Bodies of ‘beaten and tortured’ Afghans recovered at Iran border
Officials allege 55 migrants were forced into a river by Iran’s border guards, with some of them beaten and tortured.
Afghanistan has recovered 18 bodies of migrants who were allegedly beaten and tortured before being forced into a river by Iranian border guards last week, a senior Afghan official said on Friday.
Afghan authorities are investigating claims the migrants drowned while illegally crossing into neighbouring Iran from the western Herat province.
“Out of 55 Afghan migrants who were forced into the river, we have so far recovered 18 bodies,” Abdul Ghani Noori, the governor of Gulran district bordering Iran, told AFP news agency.
He said six migrants were still missing while others survived. The bodies “bear signs of beating and torture,” Noori said.
“Based on the accounts of survivors and the marks on the bodies of the victims, they were first lashed with wire cables by the Iranian border guards and then forced at gunpoint to jump into the river,” he said.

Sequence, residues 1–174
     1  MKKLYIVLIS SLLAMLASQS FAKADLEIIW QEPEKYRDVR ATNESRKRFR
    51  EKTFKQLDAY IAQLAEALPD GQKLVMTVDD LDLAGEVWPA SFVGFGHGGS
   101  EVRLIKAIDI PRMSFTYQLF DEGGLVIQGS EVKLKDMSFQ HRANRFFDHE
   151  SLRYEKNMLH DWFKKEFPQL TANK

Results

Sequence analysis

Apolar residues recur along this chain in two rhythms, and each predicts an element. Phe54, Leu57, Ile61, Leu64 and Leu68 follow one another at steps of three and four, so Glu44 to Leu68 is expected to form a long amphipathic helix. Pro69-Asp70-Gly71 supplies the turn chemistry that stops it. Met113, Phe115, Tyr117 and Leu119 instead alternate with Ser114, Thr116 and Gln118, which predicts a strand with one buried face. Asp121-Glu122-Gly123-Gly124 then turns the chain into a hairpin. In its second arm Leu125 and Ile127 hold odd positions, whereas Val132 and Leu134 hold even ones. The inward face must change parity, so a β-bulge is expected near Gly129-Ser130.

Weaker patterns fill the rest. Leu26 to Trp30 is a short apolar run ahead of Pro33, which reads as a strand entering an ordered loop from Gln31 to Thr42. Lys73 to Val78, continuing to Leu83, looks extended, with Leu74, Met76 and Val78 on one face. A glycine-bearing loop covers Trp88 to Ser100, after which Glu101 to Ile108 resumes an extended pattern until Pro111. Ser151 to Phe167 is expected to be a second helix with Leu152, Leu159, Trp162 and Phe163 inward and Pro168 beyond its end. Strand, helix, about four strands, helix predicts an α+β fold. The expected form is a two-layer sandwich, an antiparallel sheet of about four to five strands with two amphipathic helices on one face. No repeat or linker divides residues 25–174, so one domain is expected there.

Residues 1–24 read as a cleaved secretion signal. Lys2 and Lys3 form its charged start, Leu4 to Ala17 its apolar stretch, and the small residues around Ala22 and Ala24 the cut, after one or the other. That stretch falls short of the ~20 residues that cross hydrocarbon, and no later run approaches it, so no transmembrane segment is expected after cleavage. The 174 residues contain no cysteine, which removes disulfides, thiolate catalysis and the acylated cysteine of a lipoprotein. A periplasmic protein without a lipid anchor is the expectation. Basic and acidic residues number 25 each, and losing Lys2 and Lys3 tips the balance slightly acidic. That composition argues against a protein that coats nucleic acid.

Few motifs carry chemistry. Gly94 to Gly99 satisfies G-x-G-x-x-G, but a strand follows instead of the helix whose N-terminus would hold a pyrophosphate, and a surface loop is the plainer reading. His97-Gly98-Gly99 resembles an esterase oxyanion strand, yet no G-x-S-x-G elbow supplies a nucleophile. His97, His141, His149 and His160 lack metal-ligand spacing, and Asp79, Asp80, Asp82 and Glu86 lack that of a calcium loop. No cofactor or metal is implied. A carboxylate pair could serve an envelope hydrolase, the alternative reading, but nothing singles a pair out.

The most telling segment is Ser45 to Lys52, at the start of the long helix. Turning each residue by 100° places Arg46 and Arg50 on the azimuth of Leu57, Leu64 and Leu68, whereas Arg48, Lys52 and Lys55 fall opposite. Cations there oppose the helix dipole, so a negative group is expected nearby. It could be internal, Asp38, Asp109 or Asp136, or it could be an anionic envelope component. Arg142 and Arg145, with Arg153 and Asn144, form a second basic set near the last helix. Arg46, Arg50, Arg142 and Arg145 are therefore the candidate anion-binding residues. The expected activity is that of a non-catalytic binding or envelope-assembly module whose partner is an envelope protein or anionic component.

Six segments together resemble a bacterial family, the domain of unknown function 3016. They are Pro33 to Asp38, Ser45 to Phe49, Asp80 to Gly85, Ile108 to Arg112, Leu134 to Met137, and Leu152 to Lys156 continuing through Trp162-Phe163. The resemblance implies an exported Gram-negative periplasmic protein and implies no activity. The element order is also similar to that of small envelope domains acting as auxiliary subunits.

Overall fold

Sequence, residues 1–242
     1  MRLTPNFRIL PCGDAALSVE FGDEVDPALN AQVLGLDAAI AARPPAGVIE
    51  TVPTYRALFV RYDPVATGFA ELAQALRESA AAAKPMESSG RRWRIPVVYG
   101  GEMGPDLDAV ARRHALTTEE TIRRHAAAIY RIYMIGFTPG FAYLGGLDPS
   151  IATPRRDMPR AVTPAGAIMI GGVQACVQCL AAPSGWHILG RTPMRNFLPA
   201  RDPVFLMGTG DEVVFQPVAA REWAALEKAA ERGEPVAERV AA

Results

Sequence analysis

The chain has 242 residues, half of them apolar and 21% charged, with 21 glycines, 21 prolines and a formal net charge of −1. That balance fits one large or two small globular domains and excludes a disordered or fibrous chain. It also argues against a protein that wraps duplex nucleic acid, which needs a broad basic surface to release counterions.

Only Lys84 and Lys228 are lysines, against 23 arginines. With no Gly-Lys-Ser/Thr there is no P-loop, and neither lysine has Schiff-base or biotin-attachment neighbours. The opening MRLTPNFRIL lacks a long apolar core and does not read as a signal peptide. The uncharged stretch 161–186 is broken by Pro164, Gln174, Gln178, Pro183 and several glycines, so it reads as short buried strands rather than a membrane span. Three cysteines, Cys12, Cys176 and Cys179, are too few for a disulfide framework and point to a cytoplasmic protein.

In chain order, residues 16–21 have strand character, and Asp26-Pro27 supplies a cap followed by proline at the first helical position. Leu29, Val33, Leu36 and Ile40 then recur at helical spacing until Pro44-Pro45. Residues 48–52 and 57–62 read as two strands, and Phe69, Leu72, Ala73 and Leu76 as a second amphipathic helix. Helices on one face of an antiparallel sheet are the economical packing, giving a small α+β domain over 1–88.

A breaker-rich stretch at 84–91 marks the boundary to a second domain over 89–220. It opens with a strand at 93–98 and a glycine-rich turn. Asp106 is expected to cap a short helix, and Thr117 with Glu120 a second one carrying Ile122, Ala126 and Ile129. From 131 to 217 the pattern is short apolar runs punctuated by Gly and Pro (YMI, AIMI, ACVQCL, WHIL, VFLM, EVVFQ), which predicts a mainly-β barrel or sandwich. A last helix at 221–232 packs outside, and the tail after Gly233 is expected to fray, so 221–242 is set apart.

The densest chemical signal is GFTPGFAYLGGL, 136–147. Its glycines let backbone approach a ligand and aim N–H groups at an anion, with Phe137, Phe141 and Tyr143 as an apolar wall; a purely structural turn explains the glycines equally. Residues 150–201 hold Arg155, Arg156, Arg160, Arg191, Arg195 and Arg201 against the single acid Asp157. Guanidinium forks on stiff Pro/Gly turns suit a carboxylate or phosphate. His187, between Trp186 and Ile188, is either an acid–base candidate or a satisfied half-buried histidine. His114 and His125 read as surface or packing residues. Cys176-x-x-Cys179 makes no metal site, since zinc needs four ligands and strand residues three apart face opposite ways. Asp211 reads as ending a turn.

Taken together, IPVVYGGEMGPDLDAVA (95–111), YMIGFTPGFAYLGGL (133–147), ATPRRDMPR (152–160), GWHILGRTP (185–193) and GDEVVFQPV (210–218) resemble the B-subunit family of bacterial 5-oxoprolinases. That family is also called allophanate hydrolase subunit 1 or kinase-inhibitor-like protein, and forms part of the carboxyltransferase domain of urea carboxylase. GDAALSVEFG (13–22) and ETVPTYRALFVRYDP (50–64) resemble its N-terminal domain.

Afghanistan’s Independent Human Rights Commission said last week the Iranian guards made the migrants cross the Harirud river and “as a result, a number of them drowned”.
Iranian authorities have dismissed the claims, saying the incident occurred inside Afghanistan’s territory.
The United States, which frequently trades threats with Iran and has imposed strict sanctions on the country, has backed the Kabul administration’s decision to investigate the incident.
“Iran’s cruel treatment and abuse of Afghan migrants alleged in these reports is horrifying,” US Acting Assistant Secretary for South Asia Alice Wells said on Twitter earlier this week.
“Those found guilty of such abuse must be held accountable.”
Between 1.5 million and three million Afghan refugees are living and working in Iran, most of them as wage labourers on construction projects.
Tens of thousands returned to Afghanistan after the coronavirus outbreak, but as restrictions ease in badly hit Iran, many are again seeking work there.